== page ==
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By Tina Buck
Chartered Legal Executive & Associate

In recent months the term “Leasehold” has had a bad press. Leasehold means the right to exclusive use and possession of Land for a defined term of years, so often you will see a Lease for 99 years, 125 years or 999 years. A Lease is used almost always for a Flat.

So why the bad press? One major reason is the Annual Rent that a Landlord seeks to charge under a Lease. The Landlord does not have to do anything to receive the Annual Rent unlike for example Service Charge. There has been a trend in recent decades for Landlords to see Rent as a “cash cow”. The danger for Leaseholders is that where an Annual Rent is over £1,000.00 if the Property is in Greater London or £250 elsewhere and is demanded but not paid this can then result in the Landlord being entitled to apply to a County Court for a Mandatory Possession Order under Ground 8 of the Housing Act 1988. Parliament never intended this as the provision was meant to cover short term tenancies. Mortgage Lenders do not like lending where Landlord’s possess such draconian powers where in monetary terms the rent is so small.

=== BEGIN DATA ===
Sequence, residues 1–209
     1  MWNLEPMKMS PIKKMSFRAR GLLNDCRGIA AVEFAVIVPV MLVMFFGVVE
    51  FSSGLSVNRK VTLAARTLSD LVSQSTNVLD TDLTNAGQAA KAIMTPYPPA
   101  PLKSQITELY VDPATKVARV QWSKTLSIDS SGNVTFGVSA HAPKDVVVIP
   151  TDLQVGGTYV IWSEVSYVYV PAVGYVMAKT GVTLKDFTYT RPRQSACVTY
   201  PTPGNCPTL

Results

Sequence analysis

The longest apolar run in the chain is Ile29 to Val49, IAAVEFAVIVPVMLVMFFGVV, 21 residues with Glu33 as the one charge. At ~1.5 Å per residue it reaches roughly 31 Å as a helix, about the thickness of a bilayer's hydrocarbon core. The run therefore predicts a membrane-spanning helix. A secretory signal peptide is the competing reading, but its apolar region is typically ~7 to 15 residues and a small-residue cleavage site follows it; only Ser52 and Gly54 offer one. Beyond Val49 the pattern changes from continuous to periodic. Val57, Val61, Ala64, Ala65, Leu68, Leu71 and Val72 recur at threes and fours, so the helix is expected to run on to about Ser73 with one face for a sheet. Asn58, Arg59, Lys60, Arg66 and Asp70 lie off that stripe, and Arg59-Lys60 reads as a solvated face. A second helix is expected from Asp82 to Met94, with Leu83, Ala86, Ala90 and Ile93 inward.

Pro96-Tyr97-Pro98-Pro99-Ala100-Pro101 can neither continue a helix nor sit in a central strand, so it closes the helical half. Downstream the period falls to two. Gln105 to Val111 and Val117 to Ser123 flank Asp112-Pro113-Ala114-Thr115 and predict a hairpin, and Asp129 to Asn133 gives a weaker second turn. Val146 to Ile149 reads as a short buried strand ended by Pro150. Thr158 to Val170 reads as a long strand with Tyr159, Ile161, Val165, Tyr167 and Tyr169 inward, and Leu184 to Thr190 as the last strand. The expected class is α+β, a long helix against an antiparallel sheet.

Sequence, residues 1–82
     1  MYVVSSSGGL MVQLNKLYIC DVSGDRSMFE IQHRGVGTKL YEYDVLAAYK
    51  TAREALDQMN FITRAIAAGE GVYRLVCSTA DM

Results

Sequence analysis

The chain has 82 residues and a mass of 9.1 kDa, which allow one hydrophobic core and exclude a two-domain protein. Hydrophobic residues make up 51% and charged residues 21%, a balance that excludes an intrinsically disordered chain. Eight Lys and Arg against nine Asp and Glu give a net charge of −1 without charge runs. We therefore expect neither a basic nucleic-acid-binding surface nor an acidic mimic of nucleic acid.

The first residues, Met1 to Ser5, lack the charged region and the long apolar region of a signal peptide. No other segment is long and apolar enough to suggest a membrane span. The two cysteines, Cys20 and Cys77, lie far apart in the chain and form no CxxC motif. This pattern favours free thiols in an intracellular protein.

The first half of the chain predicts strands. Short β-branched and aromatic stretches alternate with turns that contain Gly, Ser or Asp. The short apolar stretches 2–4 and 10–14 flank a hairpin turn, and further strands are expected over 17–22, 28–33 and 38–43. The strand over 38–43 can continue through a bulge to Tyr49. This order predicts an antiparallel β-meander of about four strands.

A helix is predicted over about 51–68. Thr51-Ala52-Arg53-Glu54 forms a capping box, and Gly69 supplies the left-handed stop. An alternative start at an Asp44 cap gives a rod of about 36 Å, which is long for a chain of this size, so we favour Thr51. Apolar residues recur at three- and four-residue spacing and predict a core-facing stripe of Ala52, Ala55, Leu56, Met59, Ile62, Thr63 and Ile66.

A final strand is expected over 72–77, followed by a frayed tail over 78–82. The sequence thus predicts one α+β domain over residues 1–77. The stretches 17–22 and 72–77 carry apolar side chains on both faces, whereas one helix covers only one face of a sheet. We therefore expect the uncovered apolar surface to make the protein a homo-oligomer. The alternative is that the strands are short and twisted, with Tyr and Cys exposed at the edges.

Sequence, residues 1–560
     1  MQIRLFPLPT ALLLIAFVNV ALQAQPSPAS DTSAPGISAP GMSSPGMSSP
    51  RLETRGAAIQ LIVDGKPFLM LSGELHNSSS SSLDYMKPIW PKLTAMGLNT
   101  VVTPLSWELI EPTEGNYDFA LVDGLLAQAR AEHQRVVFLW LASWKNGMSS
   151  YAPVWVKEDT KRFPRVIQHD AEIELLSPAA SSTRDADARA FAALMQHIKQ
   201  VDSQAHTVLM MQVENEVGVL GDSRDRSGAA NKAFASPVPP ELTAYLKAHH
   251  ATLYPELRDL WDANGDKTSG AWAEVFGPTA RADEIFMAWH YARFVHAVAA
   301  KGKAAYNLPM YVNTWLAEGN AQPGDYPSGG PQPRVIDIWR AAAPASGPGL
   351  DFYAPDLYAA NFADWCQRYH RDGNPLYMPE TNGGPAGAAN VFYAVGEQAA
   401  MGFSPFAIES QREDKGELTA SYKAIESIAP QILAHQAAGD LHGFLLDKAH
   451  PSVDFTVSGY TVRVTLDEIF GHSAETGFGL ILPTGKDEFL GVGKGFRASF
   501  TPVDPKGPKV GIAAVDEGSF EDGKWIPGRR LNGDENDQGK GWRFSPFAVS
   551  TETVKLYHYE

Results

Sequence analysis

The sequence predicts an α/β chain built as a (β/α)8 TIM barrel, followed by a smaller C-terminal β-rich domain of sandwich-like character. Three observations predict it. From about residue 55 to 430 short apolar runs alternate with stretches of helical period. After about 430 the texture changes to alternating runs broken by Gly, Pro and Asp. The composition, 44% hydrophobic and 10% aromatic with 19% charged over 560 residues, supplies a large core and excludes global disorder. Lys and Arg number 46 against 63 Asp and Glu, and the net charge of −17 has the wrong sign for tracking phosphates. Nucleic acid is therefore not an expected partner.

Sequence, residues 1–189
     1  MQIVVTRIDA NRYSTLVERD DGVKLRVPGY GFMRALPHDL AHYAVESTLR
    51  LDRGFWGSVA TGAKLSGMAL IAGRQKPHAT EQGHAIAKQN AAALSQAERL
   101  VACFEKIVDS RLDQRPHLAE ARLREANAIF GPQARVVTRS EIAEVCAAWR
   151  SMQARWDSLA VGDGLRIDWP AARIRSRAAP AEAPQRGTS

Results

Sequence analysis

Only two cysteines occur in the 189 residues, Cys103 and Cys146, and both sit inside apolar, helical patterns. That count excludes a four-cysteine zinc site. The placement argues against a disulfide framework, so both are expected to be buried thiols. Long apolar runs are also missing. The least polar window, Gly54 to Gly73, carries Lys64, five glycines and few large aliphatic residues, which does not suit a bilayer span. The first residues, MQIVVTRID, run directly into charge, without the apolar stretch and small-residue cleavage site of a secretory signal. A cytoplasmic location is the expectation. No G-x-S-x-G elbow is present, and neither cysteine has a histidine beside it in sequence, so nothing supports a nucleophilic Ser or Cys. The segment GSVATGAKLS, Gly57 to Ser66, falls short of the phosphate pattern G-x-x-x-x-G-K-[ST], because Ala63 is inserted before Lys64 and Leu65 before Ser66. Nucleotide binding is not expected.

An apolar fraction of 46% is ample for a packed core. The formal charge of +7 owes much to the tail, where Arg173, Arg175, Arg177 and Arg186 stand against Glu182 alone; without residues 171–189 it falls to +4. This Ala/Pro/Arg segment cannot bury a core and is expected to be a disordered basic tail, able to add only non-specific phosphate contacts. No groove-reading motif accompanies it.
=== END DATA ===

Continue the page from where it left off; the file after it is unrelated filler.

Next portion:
A Lease which has a rent over the above limit or is set to double every 10 years, is a Lease to avoid without modifications such as

  • Capping the rent at £250.00
  • The Lease stating the Landlord will not exercise the Ground 8 Proceedings at all
  • The Lease states that the Landlord will not start any proceedings without first giving reasonable notice to a mortgage lender

Without modification one is left with having to pay a landlord in many cases ‘five figures’ to extend the term of the Lease at a peppercorn rent. It otherwise remains for Parliament to legislate.